Monday, July 19, 2010

Thursday, July 15th

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Left Anchorage around 10:30 and hit the highway toward Denali. We made a brief stop in Wasilla for snacks. Continued on the Parks Highway and ran into a little road work, this slowed us down a bit. We stopped at the Visitor's Center right off the highway and decided to visit Talkeetna. This is one of the towns that the TV show "Northern Exposure" was based upon. It is a nifty little artsy town. There are many unique little shops offering anything from paintings to crafts made by local artists. We walked in the light rain and explored many of these quaint and eccentric stores. Anne was able to buy some Band-Aids at the General Store. She needed these for her foot blister that she got yesterday on the 10 minute walk. I shouldn't be so hard on Anne- she's no spring chicken- and I'll be old myself some day! We watched a movie at the Talkeetna National Park Service Ranger Station about climbers and their adventures on Mt. McKinley. This is where you need to stop if you are insane enough to attempt a climb on Mt. McKinley. They assess your skill levels and preparedness before your climb. After purchasing a few souvenirs, we were back on the road. We checked in at our hotel in Healy for the night and then headed to the Black Diamond Grill for dinner. Our server, Veronica, was a hoot. She considered herself to be living the "ghetto-fabulous" lifestyle. She was waiting tables for the summer in order to pay for her travels throughout the year. Anne and I were chomping at the bit to get into Denali. We had to beg Greg to drive over there. I'm sure he's glad we convinced him to go because we had a close experience with a mom griz and last year's cub. Our goal was to drive down to the Savage River and walk along the Loop Trail for awhile. We stopped several times to enjoy the scenery. At one point, a gull perched on the car and became friends with Greg. It rode on top of the car for almost half a mile before flying off. Right before the entrance to the Trail we saw about 4 cars on the side of the road and people pointing over the edge. They were snapping pictures like crazy. We decided to pull over and see what all the fuss was about. When we walked up we couldn't anything down the steep side into the valley. A lady told me there were 2 grizzlies romping around down on the valley floor. We heard people yelling from the bridge about 200 feet away. Suddenly, the Ranger pulled up in her personal truck and yelled for us to get back in our vehicles. People scattered but we still didn't understand what was happening. We turned around in the parking lot and headed back to the area where people had congregated. When we got there, maybe a minute later, two grizzlies came up the embankment from below and walked onto the road. Not believing our good fortune, Anne and I readied our cameras and began snapping photos. As cars moved on ahead of us, we found ourselves side by side with the mother grizzly and last year's cub. They were both slightly wet from the rain but still majestic and awe-inspiring. We took countless pictures of them walking, digging for grubs or roots, and generally being oblivious to all of us. We don't know what happened but at one point the mother's ears pricked up and she jumped to her feet- ready for action. I guess she decided it was not a threat and settled back down. We could have stayed there for hours, enjoying the show. Since there were 2 cars behind us that hadn't been right beside the bears, we decided to bow out gracefully and share this rare opportunity with others. Greg says perhaps others in parks could follow this example so we can all share in these rare experiences. We left still shaking and in disbelief that we were able to get that close to the grizzlies. We drove back to the Healy for beverages at the mini mart. As we were getting back into the car, a fox ran across the road. On the road back to the room we briefly saw a full rainbow in the sky. A perfect ending for a delightful day.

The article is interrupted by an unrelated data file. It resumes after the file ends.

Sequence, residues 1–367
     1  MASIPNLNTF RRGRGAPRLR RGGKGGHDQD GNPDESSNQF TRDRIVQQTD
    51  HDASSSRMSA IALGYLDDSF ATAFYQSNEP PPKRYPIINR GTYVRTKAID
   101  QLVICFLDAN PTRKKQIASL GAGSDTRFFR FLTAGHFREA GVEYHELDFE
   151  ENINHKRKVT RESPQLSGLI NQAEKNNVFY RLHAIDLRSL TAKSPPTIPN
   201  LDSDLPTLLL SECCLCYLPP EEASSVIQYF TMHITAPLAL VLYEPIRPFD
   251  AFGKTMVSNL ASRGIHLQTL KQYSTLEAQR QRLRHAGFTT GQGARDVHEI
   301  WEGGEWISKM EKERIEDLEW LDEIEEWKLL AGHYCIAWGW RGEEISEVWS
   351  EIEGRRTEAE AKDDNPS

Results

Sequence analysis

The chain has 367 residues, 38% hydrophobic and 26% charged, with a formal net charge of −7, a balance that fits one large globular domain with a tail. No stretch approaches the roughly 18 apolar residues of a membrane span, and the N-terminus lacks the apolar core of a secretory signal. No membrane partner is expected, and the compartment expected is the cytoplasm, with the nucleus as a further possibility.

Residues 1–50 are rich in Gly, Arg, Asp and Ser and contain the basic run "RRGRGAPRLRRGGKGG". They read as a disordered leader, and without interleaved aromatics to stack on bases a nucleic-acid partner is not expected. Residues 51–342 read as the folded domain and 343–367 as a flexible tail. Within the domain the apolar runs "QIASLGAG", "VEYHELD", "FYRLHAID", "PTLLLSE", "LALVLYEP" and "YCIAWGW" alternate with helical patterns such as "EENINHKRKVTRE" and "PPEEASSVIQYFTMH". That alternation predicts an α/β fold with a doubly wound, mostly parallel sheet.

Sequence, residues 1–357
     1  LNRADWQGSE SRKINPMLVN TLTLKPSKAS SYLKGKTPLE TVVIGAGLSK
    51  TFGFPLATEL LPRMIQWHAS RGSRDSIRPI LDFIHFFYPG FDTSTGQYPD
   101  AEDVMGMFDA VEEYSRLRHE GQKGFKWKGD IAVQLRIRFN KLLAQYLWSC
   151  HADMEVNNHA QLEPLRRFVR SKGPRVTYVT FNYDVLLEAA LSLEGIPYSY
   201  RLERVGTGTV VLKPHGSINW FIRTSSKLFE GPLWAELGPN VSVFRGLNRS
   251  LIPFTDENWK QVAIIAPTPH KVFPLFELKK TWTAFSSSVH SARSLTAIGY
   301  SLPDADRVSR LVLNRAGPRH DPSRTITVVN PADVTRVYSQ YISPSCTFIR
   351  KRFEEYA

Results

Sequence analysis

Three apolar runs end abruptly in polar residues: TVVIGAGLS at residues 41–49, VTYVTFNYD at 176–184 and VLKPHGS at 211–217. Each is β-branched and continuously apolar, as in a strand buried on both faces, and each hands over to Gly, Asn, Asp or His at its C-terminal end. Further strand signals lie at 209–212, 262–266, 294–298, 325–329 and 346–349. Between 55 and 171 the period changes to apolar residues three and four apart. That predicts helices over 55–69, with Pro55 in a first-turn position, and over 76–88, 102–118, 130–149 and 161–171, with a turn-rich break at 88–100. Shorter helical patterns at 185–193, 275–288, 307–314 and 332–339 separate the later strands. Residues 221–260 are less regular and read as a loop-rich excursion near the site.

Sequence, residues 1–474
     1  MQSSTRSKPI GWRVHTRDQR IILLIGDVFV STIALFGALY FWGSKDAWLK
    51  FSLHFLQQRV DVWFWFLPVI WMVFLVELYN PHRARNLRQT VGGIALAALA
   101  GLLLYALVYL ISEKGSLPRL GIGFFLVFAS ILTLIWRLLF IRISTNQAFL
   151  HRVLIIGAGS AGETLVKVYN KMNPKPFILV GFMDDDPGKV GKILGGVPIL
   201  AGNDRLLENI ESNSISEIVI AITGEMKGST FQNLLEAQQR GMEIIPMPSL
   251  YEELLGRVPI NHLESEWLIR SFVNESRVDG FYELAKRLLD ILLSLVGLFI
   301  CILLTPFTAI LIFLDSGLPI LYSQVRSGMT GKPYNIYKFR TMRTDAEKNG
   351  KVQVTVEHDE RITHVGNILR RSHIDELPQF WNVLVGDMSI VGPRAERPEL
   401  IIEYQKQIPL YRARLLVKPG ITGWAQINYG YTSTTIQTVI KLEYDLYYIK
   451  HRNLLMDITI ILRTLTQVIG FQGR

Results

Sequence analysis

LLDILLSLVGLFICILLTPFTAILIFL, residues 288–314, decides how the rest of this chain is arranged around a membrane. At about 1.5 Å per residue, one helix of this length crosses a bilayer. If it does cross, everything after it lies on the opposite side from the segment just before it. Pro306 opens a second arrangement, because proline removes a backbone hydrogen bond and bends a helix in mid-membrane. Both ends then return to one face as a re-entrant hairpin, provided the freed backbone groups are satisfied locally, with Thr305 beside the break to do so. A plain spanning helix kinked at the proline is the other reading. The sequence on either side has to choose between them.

Friday, July 16, 2010

Grizzlies at Denali

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We had a very eventful day. As it is very late and we have to be up very early for the Wilderness Bus Tour, we will detail today's events tomorrow night. However, there was one of those lifetime events that happened and we couldn't wait to share. We saw 2 beautiful grizzly bears (sow and cub) just feet away from us on the road in Denali National Park and Preserve. We will relay in detail this hair-raising adventure tomorrow night. In the meantime, enjoy our great photos.